My First Mod: PI Intake and a Few More Little Things - Page 8 - TCCoA Forums

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post #211 of 261 (permalink) Old 02-23-2016, 09:47 AM Thread Starter
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Thanks guys.

So, another question then. Since I let the RTV set on the passenger head, the same thing I've been doing for the driver side head, should I remove that RTV and re-apply it? It hasn't been the problematic side, but seeing as I did it wrong, should I just go ahead and redo it anyways? I'm thinking yes, but I'd like to hear the consensus on this first.

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post #212 of 261 (permalink) Old 02-23-2016, 02:50 PM
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IIRC the only area that needs RTV is at the front passenger coolant passage. The other passageways line up with the PI gaskets and the rear driver's side passageway isn't used.

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post #213 of 261 (permalink) Old 02-23-2016, 05:04 PM Thread Starter
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Even if the driver rear passageway doesn't have a direct flow from one side to the engine to the other, it still has the same "bean" shape as the front passenger passageway requiring the RTV to be placed. It has been a continuous problem area for me (albeit because of user error) for finishing up the engine. Here in this picture, you can see a slight green hue just to the right of the IM bolt in that tiny passageway before it drops off to the back of the engine.



On a separate note, I'm curious to know if the hole on here is threaded or not. When I removed the NPI coolant tube, there was a similar flange being held in place to the driver side head by a plastic rivet. If the hole where the flange sits on is threaded, I'd like to know what size / thread bolt would go to it so I can secure it with a bolt instead of a plastic rivet.



Oh, and one more question. What and where does this plug go to? I've heard lots of different things from coolant reservoir tank, to ABS test plug, to nothing. If anyone has any clarification on that, that'd be great!


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post #214 of 261 (permalink) Old 02-23-2016, 05:11 PM
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Wait you're not supposed to smear it on with your bare fingers and sniff the tube? Apparently I've been using RTV wrong all this time!
That procedure is for the toluene-based adhesive that goes with tire patches, lol.

RTV goes not give off anything you want to inhale, trust me; not even as safe as glue.
That only rots your brain.



I use gloves so I can smear the rtv all over in an even layer.

I've always just basically glued the intake manifolds I've done back on, just because of crap like CDsDontBurn is going thru.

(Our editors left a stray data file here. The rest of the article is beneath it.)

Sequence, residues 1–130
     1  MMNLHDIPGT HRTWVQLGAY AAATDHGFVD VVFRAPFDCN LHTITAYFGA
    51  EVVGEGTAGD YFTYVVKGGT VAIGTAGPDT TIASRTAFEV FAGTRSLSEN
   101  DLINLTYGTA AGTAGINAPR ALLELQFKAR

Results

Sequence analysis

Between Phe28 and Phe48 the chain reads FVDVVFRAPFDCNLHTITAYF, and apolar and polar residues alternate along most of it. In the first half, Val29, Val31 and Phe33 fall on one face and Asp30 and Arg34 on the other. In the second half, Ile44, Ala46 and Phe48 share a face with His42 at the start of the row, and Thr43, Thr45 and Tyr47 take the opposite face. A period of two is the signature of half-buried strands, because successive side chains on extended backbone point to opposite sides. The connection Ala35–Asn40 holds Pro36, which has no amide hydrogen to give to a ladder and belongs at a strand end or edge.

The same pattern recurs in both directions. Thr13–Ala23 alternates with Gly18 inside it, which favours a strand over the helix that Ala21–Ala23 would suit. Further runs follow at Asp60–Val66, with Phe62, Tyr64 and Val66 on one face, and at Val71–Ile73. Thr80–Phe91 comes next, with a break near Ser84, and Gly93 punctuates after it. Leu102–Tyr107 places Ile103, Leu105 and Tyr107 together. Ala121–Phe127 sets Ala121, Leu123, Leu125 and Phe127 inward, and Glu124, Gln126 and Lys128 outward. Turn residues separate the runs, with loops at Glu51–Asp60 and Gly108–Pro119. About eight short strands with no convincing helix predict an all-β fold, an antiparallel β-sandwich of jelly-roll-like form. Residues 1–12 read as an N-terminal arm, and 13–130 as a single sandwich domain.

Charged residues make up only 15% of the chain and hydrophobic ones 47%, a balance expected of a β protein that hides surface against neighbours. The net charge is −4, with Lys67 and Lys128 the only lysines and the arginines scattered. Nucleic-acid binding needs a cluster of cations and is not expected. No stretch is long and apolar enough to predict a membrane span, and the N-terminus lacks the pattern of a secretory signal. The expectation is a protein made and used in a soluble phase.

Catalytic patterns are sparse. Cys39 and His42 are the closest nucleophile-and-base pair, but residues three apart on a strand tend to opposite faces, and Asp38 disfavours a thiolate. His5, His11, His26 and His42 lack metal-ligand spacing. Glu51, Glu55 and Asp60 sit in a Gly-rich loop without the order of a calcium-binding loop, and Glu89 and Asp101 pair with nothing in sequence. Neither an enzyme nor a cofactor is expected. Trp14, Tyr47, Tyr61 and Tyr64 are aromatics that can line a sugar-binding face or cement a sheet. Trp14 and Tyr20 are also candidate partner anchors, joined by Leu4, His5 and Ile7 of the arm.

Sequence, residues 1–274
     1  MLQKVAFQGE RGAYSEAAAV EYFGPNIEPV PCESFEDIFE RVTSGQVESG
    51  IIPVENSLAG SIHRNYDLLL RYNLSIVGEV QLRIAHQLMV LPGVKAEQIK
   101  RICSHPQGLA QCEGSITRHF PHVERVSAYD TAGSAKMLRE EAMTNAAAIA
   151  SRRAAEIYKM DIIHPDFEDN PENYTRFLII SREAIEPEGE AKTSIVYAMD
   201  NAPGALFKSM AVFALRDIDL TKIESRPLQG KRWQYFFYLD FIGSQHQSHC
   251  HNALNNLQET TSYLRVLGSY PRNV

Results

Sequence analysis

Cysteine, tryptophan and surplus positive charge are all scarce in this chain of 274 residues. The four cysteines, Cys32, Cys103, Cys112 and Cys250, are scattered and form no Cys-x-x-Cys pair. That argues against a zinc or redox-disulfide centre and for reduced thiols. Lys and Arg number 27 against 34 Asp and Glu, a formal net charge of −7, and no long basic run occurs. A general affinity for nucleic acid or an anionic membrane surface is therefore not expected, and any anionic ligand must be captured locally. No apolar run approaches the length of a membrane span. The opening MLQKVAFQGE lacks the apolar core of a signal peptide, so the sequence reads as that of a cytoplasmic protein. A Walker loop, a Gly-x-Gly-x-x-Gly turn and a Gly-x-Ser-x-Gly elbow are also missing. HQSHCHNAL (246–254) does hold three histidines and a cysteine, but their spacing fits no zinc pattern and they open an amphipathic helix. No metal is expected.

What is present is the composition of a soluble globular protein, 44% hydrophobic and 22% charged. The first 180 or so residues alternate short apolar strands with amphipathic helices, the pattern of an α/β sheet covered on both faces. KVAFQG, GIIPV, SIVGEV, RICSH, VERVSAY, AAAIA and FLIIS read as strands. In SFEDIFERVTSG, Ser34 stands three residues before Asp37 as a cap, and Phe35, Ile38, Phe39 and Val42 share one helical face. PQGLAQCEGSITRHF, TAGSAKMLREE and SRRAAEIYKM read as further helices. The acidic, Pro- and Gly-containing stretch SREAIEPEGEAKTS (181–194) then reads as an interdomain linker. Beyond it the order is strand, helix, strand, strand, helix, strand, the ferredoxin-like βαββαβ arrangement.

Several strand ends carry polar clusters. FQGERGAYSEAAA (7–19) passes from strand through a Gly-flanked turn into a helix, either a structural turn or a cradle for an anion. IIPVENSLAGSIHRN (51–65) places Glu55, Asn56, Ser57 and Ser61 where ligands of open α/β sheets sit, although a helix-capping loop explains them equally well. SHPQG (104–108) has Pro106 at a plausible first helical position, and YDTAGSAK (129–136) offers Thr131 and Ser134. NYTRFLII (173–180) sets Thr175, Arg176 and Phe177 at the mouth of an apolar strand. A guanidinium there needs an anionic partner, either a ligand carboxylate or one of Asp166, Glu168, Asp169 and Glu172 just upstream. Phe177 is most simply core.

Black RTV on the head surface, add to manifold surface, place gasket on head, add manifold, TTS. (torque to spec)

I try to do this early in the day; tighten it up, close the hood 'till tomarry. (Let RTV dry overnight)

The next day at about the same time, One at a Time, loosen 1/4 turn, and retorque to spec, every intake manifold bolt. This is important!

I have found wide variation in the torque on these bolts, after everything was dry and settled; so make sure by redoing them.

I always expect it to change; that torque change may have nothing to do with the "glued in" thing at all, and be contributing to this problem.

I noticed that back when I was running the "hard shifting" tranny, all the bolts on the drivers' side of the intake were loose one day while I was changing plugs and wires.

IDK WTF causes that; locktite red instead of anti-sieze cured it.



Quote:
Originally Posted by CDsDontBurn View Post
Even if the driver rear passageway doesn't have a direct flow from one side to the engine to the other, it still has the same "bean" shape as the front passenger passageway requiring the RTV to be placed. It has been a continuous problem area for me (albeit because of user error) for finishing up the engine. Here in this picture, you can see a slight green hue just to the right of the IM bolt in that tiny passageway before it drops off to the back of the engine.
Glue that fucker down!

While you're there, you might consider doing the "crack pipe or Apten" cooling mod, as there is no flow out the back of the head due to the blocked hole you mention. Some have threaded and tapped the manifold right here to do the cooling mod; search, there's info.

This piece goes in the back of the head:


Quote:
Originally Posted by CDsDontBurn View Post
On a separate note, I'm curious to know if the hole on here is threaded or not. When I removed the NPI coolant tube, there was a similar flange being held in place to the driver side head by a plastic rivet. If the hole where the flange sits on is threaded, I'd like to know what size / thread bolt would go to it so I can secure it with a bolt instead of a plastic rivet.
IIRC those are 6mm. If I'm wrong they're 8mm. ~15-20mm long.

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Oh, and one more question. What and where does this plug go to? I've heard lots of different things from coolant reservoir tank, to ABS test plug, to nothing. If anyone has any clarification on that, that'd be great!
That's to the coolant reservoir level sensor. If you have the "infocenter" it lights up when it's low.

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post #215 of 261 (permalink) Old 02-23-2016, 09:21 PM Thread Starter
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Quote: